Human Rights Lawyer (Cameroon)
By Shiri Asangwe
Alice Nkom was born on January 14th, 1945 in Poutkak, Cameroon, fifteen years before Cameroon became an independent nation in 1960, declaring independence from the colonial chains of the French and British. Alice Nkom would grow up in what is still considered Francophone Cameroon, as the country is divided into ten regions, eight of which are ruled by French colonial customs and ruling, while two are ruled by British customs. Cameroon’s first elected president, Ahmadou Ahidjo, established and set the foundation on which the country’s laws and code of conduct would follow. Hence, later in her life, Alice Nkom addresses these problematic laws and ideologies that detrimentally permeate the public and social lives of LGBTIQ individuals living in Cameroon. Though before this, Alice Nkom pursued her higher education in France at the University of Toulouse (1963-1964) and completed her studies at the Federal University of Cameroon (1968). Amongst her extensive achievements, Alice Nkom broke barriers at the age of 24 when she became Cameroon’s first female attorney. Her stride into this overtly male dominated profession, especially in Cameroon, continues to inspire and motivate generations of women lawyers in the country and on the continent.
Being the first of anything can be a bit daunting whether the title was intentional or unintentional. In the case of Alice Nkom, she has carried the responsibility of that title with grace, humility, and immense devotion to her work and the people of Cameroon. Nkom’s time as a budding lawyer was filled with defending “low income and vulnerable people, including political prisoners, street children, and women. Since 1979, she has been a stakeholder in one of the most prestigious law firms in Cameroon.” This information is significant as it showcases how impressive and Alice Nkom has always been, yet the pivot in the trajectory of her career and ultimate purpose for her life did not reveal itself until almost 34 years later. In 2003, “a chance meeting with some young gay Cameroonian men who had been living in Paris opened up her eyes to the human rights abuse the LGBT community was facing in her native country.” This unplanned discourse lit a fire in Nkom and from there she began to recognize and analyze the ways in which LGBTIQ individuals were being lawfully persecuted in Cameroon.
As the diligent and reputable lawyer that she is, Alice Nkom looked first to the laws that both defended human rights yet condemned and criminalized the rights of homosexuals. When examining the Cameroon Penal Code and coming across Article 347, it is clear that the country criminalizes sexual relations with a person of the same sex for up to five years in prison and possibly a fine. Nkom realized the uncertainty and fear of exposure these individuals felt in the country and thus used her resources to establish the Association for the Defense of Homosexuality (ADEFHO) in 2003 “to work towards the decriminalization of homosexuality.” One of the main components of her arguments when defending individuals who have been imprisoned for being presumably homosexual and when engaging with other leaders about Cameroon’s homophobia is that it is more so the acts of homosexuality that are be criminalized and in need of remedy, not the identity component of being homosexual. Essentially, “being homosexual is not a crime, however a ‘provision’ was added into the law in 1972 making homosexual acts illegal. Nkom uses this awareness of the more superior law – the original constitution – to get people out of jail.”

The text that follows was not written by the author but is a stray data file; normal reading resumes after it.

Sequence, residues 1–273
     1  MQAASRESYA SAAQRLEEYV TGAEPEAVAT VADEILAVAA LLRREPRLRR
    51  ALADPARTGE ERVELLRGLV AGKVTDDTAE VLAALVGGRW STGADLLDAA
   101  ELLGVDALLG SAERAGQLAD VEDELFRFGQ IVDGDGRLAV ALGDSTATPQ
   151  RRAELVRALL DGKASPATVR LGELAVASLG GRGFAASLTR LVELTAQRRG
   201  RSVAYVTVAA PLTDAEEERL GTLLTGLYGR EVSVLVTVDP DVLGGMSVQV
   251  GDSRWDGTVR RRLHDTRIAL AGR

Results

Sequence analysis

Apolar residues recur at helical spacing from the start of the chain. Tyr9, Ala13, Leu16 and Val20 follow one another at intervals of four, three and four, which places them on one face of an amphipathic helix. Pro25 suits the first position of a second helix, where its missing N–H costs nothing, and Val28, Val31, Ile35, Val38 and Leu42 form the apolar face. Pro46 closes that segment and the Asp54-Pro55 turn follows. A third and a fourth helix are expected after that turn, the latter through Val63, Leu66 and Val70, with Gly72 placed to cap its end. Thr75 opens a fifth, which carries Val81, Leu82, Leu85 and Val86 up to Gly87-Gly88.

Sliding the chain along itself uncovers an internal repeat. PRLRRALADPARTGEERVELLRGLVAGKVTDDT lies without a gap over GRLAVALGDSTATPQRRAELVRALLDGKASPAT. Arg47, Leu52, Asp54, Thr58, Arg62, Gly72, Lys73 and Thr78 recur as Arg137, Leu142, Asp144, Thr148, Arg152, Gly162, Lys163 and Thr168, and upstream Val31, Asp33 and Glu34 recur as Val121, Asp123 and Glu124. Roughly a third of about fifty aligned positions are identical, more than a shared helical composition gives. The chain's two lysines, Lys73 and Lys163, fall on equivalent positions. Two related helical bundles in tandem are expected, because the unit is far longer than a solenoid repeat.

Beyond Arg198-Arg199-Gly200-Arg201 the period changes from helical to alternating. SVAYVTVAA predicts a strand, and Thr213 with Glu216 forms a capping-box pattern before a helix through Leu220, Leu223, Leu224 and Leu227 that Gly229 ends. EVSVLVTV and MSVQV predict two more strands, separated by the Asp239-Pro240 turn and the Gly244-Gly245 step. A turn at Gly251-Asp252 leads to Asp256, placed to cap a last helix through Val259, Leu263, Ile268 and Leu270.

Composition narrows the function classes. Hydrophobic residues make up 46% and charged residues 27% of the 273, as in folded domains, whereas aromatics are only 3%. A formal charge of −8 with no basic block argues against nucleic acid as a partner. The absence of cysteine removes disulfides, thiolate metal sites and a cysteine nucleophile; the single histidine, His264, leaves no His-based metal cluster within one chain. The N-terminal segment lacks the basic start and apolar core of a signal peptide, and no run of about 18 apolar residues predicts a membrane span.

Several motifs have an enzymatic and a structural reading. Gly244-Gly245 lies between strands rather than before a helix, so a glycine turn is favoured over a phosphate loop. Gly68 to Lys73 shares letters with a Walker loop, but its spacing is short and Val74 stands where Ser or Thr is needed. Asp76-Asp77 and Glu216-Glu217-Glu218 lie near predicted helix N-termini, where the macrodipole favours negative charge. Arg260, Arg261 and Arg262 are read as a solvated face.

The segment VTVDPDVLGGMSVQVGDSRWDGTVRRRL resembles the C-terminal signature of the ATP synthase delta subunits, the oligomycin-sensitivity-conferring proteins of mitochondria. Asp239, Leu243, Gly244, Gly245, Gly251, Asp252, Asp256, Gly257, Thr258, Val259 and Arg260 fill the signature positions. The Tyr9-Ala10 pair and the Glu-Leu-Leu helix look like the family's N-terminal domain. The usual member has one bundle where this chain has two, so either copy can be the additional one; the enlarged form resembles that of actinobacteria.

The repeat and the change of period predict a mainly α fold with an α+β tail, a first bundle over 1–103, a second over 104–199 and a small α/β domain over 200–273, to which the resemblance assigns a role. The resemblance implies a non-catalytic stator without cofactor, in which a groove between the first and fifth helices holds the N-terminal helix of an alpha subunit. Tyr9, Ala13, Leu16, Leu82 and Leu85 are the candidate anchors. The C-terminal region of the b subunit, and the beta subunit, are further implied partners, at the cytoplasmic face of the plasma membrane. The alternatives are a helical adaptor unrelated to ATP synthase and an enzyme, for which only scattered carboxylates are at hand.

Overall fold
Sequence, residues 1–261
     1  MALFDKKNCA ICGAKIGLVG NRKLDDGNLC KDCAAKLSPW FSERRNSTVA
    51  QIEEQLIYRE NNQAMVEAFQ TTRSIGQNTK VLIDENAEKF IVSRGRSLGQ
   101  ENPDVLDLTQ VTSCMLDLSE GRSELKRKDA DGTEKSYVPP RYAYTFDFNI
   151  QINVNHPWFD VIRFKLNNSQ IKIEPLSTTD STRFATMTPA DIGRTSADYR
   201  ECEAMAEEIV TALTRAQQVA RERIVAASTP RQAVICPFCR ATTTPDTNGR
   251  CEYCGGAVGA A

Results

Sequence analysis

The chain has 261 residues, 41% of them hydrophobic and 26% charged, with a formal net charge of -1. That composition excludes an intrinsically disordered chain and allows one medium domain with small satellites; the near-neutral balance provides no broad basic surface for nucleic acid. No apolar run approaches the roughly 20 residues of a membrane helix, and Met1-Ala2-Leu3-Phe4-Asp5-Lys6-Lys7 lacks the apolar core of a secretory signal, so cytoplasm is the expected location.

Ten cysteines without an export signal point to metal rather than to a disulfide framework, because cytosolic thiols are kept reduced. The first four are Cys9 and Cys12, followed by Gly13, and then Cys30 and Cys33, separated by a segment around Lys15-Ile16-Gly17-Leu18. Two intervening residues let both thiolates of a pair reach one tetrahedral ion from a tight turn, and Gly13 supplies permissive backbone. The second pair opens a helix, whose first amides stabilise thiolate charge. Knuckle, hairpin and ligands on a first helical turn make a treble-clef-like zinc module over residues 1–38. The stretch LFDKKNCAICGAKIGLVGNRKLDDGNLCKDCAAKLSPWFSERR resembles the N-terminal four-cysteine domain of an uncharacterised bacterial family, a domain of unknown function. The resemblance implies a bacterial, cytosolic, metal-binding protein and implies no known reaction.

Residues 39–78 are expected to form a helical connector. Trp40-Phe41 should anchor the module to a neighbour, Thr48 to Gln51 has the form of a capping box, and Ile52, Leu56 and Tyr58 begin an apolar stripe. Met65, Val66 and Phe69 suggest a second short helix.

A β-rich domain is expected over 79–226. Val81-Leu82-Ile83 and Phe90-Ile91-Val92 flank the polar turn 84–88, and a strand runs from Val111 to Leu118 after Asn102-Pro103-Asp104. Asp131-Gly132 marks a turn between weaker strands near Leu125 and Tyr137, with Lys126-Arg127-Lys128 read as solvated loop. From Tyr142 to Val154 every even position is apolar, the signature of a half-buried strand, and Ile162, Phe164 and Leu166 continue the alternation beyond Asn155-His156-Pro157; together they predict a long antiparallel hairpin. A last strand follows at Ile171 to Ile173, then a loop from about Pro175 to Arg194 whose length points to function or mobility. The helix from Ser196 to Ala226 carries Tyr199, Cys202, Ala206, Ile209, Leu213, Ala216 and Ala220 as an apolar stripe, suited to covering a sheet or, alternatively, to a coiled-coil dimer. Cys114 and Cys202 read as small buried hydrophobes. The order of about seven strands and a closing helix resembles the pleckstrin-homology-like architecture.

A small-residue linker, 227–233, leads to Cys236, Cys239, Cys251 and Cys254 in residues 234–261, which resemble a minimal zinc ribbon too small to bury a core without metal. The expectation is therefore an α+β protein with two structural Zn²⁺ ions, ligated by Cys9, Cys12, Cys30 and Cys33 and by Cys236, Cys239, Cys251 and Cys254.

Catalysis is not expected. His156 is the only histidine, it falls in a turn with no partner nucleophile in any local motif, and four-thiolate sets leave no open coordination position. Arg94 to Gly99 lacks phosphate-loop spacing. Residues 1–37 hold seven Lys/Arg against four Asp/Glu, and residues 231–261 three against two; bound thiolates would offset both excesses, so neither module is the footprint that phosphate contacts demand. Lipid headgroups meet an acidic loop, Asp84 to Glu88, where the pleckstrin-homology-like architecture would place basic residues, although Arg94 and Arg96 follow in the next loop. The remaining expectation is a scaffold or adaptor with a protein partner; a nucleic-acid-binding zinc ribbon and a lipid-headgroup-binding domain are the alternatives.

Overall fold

Moreover, one of the major strides in this struggle that has garnered Alice Nkom and her NGO attention is her defense for Roger Jean-Claude Mbédé. He was convicted in 2011 of alleged homosexual conduct after he sent a text to another man stating, “I am very much in love with you.” Nkom appealed his case to the Supreme Court, despite his untimely death in 2013. Additionally, Nkom defended two men who were convicted in 2012 on the basis of their appearance and their drinking of Bailey’s Irish Cream; this highlights how ambiguously bigoted the laws and reasoning for condemnation are in Cameroon. This is the fight Alice Nkom has dedicated her life too. It is prudent to note the adversity in her finances, safety, dignity, and more that she has had to overcome as a result of this struggle. Nkom writes, “I receive constant death threats and any volunteers who work for me soon have to stop because they too receive death threats and find themselves ostracized by society…the government has made it as hard as possible for me to apply for international support…I am the only person providing legal counsel for these people. I do this work full time now but cannot simply defend them all.”
Albeit the intensity of Alice Nkom’s plight for justice, her efforts have been recognized and are impacting people all across the world. She received the German branch of Amnesty International award in March 2014. Additionally she received EU funding in 2010 for the sum total of £300,000. In spite of the ample uphill battles that Alice Nkom faces and runs after, she is an extraordinary pioneer of LGBTIQ advocacy. She has identified an area in her society that is in need of change and someone to lead that change. Through her assiduous character, she became the first female attorney in Cameroon and exceeded all expectations as a first. Alice Nkom has laid the foundation and earnestly campaigned for a just and promising world for all people, regardless of sexual orientation. Her work deserves praise and she has added more value and integrity to the field of law, all whilst remaining firm in her identity as a Cameroonian woman with all the grit and grace this world has to offer.
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